Go Back   Science Forums Biology Forum Molecular Biology Forum Physics Chemistry Forum > General Science Forums > Physics Forum
Register Search Today's Posts Mark Forums Read

Physics Forum Physics Forum. Discuss and ask physics questions, kinematics and other physics problems.


is glass a liquid or a solid?

is glass a liquid or a solid? - Physics Forum

is glass a liquid or a solid? - Physics Forum. Discuss and ask physics questions, kinematics and other physics problems.


Reply
 
LinkBack Thread Tools Display Modes
  #1  
Old 06-22-2009, 02:16 PM
Pipette Filler
Points: 7, Level: 1 Points: 7, Level: 1 Points: 7, Level: 1
Activity: 0% Activity: 0% Activity: 0%
 
Join Date: Jun 2009
Posts: 1
Thanks: 0
Thanked 0 Times in 0 Posts
Default is glass a liquid or a solid?



my dad tells me that glass is actually a liquid. is this true? thnx!
Reply With Quote
  #2  
Old 06-22-2009, 02:16 PM
Pipette Filler
Points: 2, Level: 1 Points: 2, Level: 1 Points: 2, Level: 1
Activity: 0% Activity: 0% Activity: 0%
 
Join Date: Jun 2009
Posts: 2
Thanks: 0
Thanked 0 Times in 0 Posts
Default

Yes glass is a liquid even at room temperatures but it is very viscous. The viscosity is how thick the liquid is. So water is not very viscous and pours easily. Oil is thicker and pours more slowly. The black tar on roads is another high viscosity liquid. In winter it feels solid but as the weather warms up it starts to become softer.

One test is how the stuff turns into a thin liquid as it is warmed. Solid ice turns directly into liquid water at a certain temperature. Tar and glass simply get softer and softer until they pour like water.

(Metals get softer as they get warmer but they are solid - soft solids but still solid - until they reach melting point and they suddenly collapse into liquid. It is the suddenness that matters.)

Glass is so viscous that it takes centuries for it to pour. They have noticed that some of the ancient stained glass windows in medieval cathedrals in England is slipping. The panes of glass are now slightly thinner at the top than the bottom.
Reply With Quote
  #3  
Old 06-22-2009, 02:16 PM
Pipette Filler
Points: 2, Level: 1 Points: 2, Level: 1 Points: 2, Level: 1
Activity: 0% Activity: 0% Activity: 0%
 
Join Date: Jun 2009
Posts: 1
Thanks: 0
Thanked 0 Times in 0 Posts
Default

ok... you have to understand everything on this planet can be in the state of liquid solid or gas, and its physical state depends on ambient temperature and pressure

Glass when strongly heated, melts into a liquid. When the liquid is cooled sufficiently it turns to a solid AT ROOM TEMPERATURE

so normally the glass we see is in the state of solid.
Reply With Quote
  #4  
Old 06-22-2009, 02:17 PM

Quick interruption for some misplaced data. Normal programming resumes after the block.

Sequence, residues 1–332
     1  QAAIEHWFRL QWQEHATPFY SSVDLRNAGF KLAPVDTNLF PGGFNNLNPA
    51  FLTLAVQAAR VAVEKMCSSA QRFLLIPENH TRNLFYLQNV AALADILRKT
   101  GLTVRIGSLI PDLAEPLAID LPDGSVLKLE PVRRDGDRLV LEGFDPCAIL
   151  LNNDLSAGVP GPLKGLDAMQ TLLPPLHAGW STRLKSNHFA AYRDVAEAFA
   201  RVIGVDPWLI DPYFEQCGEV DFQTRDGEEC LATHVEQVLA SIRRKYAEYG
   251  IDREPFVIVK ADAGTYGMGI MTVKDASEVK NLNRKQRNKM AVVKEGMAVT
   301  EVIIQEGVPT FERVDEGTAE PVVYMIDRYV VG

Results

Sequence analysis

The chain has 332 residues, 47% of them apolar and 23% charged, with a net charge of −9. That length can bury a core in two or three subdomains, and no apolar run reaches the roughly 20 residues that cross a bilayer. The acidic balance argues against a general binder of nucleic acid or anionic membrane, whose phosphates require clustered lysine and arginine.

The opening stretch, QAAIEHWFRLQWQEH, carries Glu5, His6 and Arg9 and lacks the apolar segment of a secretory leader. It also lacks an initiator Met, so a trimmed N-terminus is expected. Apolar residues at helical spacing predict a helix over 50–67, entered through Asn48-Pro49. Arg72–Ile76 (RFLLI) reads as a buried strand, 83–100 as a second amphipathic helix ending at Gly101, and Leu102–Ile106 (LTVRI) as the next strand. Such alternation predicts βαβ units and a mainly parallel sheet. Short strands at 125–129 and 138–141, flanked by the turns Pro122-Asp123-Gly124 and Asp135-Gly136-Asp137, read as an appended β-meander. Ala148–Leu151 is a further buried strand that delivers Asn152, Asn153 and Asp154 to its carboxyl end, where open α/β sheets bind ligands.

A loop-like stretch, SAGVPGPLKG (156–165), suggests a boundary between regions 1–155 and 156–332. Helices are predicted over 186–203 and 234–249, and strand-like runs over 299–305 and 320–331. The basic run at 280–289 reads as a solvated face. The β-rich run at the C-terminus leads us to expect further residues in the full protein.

Pipette Filler
Points: 5, Level: 1 Points: 5, Level: 1 Points: 5, Level: 1
Activity: 0% Activity: 0% Activity: 0%
 
Join Date: Jun 2009
Posts: 3
Thanks: 0
Thanked 0 Times in 0 Posts
Default

Most glass right now is in a solid form. What's interesting about glass is that it keeps on getting harder and harder if you leave it at a specific temperature. Glass is also a liquid- it has a high viscosity. Some liquids have a very high viscosity and flow so slowly that by the time a can of liquid falls over there is time to pick it up before it spills! The ultimate example of a high viscosity liquid is glass. The viscosity of glass is so high that even though it's a liquid it looks like a solid. Believe it or not, but if you put pieces of smashed glass into a cup and left it there, and came back in a million years, you'd find the glass had flowed and taken a form like ice frozen from liquid water.
Reply With Quote
Reply

Tags
glass , liquid , solid , _


Thread Tools
Display Modes

Posting Rules
You may not post new threads
You may not post replies
You may not post attachments
You may not edit your posts

BB code is On
Smilies are On
[IMG] code is On
HTML code is Off
Trackbacks are On
Pingbacks are On
Refbacks are On

Forum Jump

Similar Threads
Thread Thread Starter Forum Replies Last Post
Who uses glass Dewars with liquid nitrogen? Jon Spear Basic Lab Protocols and Techniques 8 07-12-2009 12:57 PM
4 states of Matter -> Solid, liquid gas & Plasma. Sanny Physics Forum 22 11-12-2008 06:25 PM
solid to liquid bobmanc Physics Forum 4 12-08-2004 07:29 AM
Nanotube Mix Makes Liquid Crystal Bubba Do Wah Ditty Physics Forum 0 03-03-2004 05:18 PM
Sci.chem FAQ - Part 6 of 7 Bruce Hamilton Chemistry Forum 0 01-15-2004 09:12 AM


All times are GMT. The time now is 09:41 PM.


Powered by vBulletin® Version 3.8.4
Copyright ©2000 - 2014, Jelsoft Enterprises Ltd.
Copyright 2005 - 2012 Molecular Station | All Rights Reserved
Page generated in 0.13852 seconds with 16 queries